In 1967, five years after the premiere of the War Requiem, the young American Philip Glass, studying in France, found himself feeling a similar disillusionment with the detachment of the avant-garde, “a wasteland dominated by these maniacs, these creeps, who were trying to make everyone write this crazy creepy music.” Upon returning to New York he found that the music he had been studying was utterly irrelevant to the moment:

[T]he people around me at the time — painters and sculptors like Bob Rauschenberg, Sol LeWitt, and Richard Serra — all listened to rock ’n’ roll. They did not listen to modern music. It was not in their record collections.

For the then very young Glass, obtuseness was irrelevance and the patterns of history would some day show themselves to have been moved not based on who was the most challenging but what was in people’s record collections. The importance of music is more a matter of its constituency than intellectual revelation. It speaks, if nothing else, to a renewed optimism in the late 1960s in the ability of the crowd to know what matters to them, and to be right about it. Thus in the birth era of actual rock ’n’ roll rockism, classical music was already on its fourth or fifth iteration of the backlash to the backlash.

To allow composers like Shostakovitch or Britten into the canon of greats was to challenge the very notion of autonomy and difficulty as the defining features of greatness. Richard Taruskin does as much in his defense of them: for him, Shostakovich “managed to bear witness against the state on behalf of its citizenry. This was perhaps the most honorable civic use to which music has ever been put, a use in which the composer and his audience acted in collusion against authority.”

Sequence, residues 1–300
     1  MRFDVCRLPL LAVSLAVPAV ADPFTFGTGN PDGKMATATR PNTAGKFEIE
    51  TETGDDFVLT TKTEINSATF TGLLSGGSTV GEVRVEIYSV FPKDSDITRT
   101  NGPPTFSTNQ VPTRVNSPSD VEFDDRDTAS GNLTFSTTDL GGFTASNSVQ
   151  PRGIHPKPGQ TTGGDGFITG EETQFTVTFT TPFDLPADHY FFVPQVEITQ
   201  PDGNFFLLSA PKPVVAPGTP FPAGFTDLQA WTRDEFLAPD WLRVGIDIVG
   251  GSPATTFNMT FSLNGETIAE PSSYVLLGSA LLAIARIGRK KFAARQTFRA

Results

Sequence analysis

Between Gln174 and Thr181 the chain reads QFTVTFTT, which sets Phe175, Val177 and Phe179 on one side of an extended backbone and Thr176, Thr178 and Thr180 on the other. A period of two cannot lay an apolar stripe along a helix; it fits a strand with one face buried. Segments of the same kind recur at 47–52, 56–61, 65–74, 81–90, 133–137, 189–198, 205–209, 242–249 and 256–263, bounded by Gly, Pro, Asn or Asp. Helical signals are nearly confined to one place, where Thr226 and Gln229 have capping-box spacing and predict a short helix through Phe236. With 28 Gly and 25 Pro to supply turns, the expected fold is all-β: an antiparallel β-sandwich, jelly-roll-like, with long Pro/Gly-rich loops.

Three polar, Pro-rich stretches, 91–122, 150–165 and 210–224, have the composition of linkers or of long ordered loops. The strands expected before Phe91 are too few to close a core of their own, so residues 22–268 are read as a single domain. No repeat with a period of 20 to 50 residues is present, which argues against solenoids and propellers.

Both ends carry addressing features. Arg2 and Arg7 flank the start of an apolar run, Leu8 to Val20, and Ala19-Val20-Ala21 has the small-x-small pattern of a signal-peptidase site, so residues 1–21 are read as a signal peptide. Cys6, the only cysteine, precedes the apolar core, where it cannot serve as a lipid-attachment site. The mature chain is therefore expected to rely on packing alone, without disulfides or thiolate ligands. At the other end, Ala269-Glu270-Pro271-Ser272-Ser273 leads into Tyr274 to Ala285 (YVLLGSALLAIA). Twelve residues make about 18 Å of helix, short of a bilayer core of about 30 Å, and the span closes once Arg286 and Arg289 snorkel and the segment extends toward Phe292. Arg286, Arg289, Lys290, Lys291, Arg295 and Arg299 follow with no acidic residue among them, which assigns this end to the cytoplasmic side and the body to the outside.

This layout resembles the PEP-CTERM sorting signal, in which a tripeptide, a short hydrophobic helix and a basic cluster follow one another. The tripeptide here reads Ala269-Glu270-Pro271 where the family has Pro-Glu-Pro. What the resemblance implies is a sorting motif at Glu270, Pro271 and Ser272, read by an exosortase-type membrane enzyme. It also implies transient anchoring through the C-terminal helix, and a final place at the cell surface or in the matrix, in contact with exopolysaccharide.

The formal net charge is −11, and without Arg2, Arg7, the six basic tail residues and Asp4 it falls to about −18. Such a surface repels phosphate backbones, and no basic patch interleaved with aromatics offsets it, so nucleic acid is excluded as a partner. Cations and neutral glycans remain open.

Moral high ground indeed! A most honorable civic use. Maybe the most … except maybe for that other one that also sounds pretty darned honorable, or at least worthy of being given space to do its work. As late as 2009, Milton Babbitt himself, that ultimate disdainer of populism, was still holding the now centuries-old Schoenbergergian, Adornian, proto-rockist line: “I don’t understand the morality that would insist that it is more moral to stoop to conquer the masses rather than to set a standard to which they might aspire.”

Sanctimonious snobbery or self-sacrificing nobility? What becomes clear in Babbitt’s wondering is all the fear and suspicion that leads to the impasse. A lot depends on what you think of people: (“the masses” or “the citizenry” depending on who’s talking or who they’re talking about) and whether speaking for them (or even to them) is “stooping” (boo!) or “reflecting,” (yay!) “conquering them” (boo!) or “bearing witness on their behalf” (yay!). We can, of course, all think of plenty of beautiful and horrible examples on both sides.

Is Taylor Swift empowering a generation of young women to feel and express themselves in a way that will some day translate to forceful critical thinking? Or is she turning them into a Twitter army of Soylent blonde Matrix pods tailor-made to gorge her corporate sponsors forever? Are Celine Dion’s adoring throngs genuine? Or genuinely deluded? And even if they are genuine, are they the people that matter or not? Is it impressive for a musician like Drake to be as clever as anyone could be while shackled by billion-dollar formulas? Or is it instead a collusion, a failure to break free or demand better? I never said that classical musicology had solved the problem. If anything it reminds us that it is not one of those problems meant to be solved. It is a tide that turns and churns, as old as the warming pacific, or at least as old as Beethoven. Does that mean it’s not worth getting worked up over? Hardly. It is, if nothing else, a welcome sign that one’s taste in music still matters more than one’s taste in pastries.


Michael Markham is an assistant professor of Music History at the State University of New York at Fredonia.

LARB Contributor

Michael Markham is an assistant professor of Music History at the State University of New York at Fredonia. His writings on Baroque music and performance spaces, on solo song, and on J. S. Bach have appeared in Gli spazi della musica, The Cambridge Opera JournalThe Opera Quarterly, and Repercussions. Two recent essays can be found in The Music Room in Early Modern France and Italy: Sound, Space, and Object published by Oxford University Press and The Music History Classroom published by Ashgate.